PLATO: 'You know that the beginning is the most important part of any work, especially in the case of a young and tender thing; for that is the time at which the character is being formed and the desired impression is more readily taken.'
This quote from Plato sums up my experience as acting ombudsperson over the past two months (in this case, 'acting' means that I'm spending a year gaining lots of experience so we can structure the role of a future permanent ombudsperson). I feel a lot of pressure to make a good impression, do things right and immediately 'hit the mark'. It's been an exciting time. For the first few days, I had difficulty settling down in my new office. I'm an independent person, which means I'm also a self-starter who wants to figure everything out herself. The first order of business was communication, and getting the website in order. Next, it was time to think about a framework and some basic starting points for my work: what can people expect from me; what can and can't I do for them?
Obviously, I also had to get to know everyone: the deans, the directors operations, service unit directors. Confidential advisers, PhD candidates and members of the representative advisory bodies. I had some really enjoyable and inspiring conversations, and got quite a workout in the process. I occasionally had to travel between appointments at the Science Park, ACTA and Roeterseiland in a single day, which involved quite a lot of cycling. Obviously, finding the faculties and units and making my way to the right floors and rooms was quite challenging for me, with my limited spatial orientation skills. Sometimes, I'd have to cycle through the rain, so I'd arrive with a wet coat and dripping hair. I'd hear that nagging little voice in my head say: 'Oh, so that's the new ombudswoman is it?'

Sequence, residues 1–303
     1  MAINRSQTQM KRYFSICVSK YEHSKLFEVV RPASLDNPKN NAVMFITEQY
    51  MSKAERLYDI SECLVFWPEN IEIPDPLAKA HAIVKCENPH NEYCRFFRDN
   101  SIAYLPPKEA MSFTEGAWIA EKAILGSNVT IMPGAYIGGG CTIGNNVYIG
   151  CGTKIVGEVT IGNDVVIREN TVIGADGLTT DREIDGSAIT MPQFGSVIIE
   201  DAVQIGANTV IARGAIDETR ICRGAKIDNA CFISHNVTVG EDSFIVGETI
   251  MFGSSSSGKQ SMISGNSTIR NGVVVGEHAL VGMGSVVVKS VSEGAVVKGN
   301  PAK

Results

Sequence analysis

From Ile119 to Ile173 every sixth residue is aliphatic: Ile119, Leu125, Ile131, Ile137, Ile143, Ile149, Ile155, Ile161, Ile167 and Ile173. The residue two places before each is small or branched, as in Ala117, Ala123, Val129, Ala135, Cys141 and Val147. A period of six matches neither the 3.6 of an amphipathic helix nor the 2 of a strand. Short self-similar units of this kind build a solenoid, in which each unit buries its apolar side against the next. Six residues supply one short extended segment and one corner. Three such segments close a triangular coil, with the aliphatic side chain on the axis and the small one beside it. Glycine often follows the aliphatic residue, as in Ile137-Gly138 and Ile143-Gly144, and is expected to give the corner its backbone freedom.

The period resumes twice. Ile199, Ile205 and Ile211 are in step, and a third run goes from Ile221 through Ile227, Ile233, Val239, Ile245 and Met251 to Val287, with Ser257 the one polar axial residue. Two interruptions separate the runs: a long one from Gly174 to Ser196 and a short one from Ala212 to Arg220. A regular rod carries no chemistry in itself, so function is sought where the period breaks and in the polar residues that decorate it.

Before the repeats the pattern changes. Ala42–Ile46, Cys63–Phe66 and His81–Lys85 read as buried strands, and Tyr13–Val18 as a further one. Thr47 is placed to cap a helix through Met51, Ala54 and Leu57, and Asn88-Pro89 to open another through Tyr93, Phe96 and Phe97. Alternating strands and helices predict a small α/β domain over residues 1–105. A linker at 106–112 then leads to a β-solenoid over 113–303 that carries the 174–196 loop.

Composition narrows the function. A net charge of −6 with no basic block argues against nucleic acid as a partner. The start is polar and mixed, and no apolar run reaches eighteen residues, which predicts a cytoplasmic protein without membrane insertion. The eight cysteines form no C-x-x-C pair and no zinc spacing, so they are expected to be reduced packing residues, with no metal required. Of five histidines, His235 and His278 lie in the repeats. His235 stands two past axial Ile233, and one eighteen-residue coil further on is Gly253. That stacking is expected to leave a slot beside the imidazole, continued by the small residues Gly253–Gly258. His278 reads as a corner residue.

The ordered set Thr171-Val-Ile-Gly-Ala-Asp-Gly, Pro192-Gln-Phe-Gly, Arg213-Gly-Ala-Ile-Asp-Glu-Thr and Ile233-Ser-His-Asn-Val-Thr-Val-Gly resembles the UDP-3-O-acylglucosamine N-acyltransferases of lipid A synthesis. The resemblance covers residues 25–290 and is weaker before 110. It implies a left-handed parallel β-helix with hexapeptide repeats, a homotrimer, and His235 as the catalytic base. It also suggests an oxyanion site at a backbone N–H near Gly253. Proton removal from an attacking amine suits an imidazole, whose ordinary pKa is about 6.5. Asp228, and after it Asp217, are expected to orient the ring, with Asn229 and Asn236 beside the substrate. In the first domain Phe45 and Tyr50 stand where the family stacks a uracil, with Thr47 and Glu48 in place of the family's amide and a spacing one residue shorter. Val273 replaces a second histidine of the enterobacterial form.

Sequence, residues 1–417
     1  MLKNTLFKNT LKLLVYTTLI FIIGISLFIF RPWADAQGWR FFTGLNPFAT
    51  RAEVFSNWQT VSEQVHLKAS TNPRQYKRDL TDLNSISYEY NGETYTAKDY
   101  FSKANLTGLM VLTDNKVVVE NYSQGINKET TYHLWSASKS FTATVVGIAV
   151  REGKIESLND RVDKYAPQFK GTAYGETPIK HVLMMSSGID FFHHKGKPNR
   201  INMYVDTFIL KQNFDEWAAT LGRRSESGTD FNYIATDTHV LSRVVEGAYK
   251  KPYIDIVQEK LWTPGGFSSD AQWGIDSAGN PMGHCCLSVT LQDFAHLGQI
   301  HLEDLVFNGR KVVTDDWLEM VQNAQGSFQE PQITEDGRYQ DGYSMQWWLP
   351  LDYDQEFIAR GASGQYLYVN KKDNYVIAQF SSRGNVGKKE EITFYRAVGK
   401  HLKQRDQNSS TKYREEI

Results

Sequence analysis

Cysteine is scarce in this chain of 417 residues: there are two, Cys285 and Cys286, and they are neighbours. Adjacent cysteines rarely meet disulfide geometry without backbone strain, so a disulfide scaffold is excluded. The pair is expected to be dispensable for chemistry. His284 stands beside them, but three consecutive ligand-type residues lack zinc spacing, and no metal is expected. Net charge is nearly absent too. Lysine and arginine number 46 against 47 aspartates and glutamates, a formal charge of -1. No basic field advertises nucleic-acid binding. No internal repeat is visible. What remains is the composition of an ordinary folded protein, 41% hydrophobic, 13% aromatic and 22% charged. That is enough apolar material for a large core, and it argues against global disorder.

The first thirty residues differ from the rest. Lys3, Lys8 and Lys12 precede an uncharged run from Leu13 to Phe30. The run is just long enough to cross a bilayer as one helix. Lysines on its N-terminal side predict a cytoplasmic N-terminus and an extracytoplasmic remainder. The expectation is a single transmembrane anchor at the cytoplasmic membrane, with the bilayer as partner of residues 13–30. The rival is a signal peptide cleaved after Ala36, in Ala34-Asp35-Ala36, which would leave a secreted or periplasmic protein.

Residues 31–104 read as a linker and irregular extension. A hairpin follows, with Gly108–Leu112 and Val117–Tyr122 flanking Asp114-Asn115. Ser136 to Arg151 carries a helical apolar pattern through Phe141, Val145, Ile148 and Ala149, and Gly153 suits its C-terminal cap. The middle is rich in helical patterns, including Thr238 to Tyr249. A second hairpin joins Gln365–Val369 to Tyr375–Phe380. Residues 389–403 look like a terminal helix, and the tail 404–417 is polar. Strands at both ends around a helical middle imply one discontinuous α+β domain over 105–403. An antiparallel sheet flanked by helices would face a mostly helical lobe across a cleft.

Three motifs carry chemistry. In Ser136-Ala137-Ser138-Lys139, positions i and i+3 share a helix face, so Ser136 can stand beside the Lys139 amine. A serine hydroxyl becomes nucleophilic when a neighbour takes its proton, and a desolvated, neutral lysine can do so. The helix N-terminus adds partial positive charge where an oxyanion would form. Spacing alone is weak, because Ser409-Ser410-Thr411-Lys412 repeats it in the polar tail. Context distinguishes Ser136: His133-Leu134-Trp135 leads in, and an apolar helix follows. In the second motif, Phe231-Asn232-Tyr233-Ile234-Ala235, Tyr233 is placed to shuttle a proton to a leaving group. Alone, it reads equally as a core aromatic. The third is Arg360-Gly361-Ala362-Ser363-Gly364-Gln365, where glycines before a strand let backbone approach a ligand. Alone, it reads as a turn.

Anyway, with regard to my role as ombudsperson, people have had little trouble finding my office. In many cases, I simply have to refer people to the right party, but I also get visits about the same problems. These can be broader issues, which sometimes involve more people than just those who visit my office.
I get questions and reports about unsafe work atmospheres where people feel scared and anxious and about undesirable behaviour by lecturers or colleagues, or from people being bullied to the point where they want to leave and people who aren't being heard despite having spoken out about a bad situation for a long time.
My job is to find solutions to these problems. The people who come to me aren't looking to win an argument or expose or bring charges against anyone. They simply want to improve their situation: 'my job could be great, if only we didn't have this horrible atmosphere in the office'. People need whatever is bothering them to stop, and want to make sure those behaviours aren't normalised. They want the organisation to listen to their problem, take it seriously and do something about it.
As I've already found, my independent position allows me to get things out in the open. After all, as an ombudsperson, I 'belong' to everyone, not just the people who come in to report something. From the start, I make it clear that I'm not there for small talk, so why not just spit it out? I try to involve all the parties, offer advice and nudge everyone in the right direction. My recommendations aren't free of obligation – I refer to them as 'compelling advice' – which means I have the authority to speed things up where necessary. If people keep beating around the bush, you need someone to rip that band-aid off. The people I deal with are strong personalities. They're extremely capable and have achieved a lot. I adopt a firmly neutral stance. You're OK, and so am I. I feel comfortable in that role.
If there's something you want to discuss, don't hesitate to get in touch!
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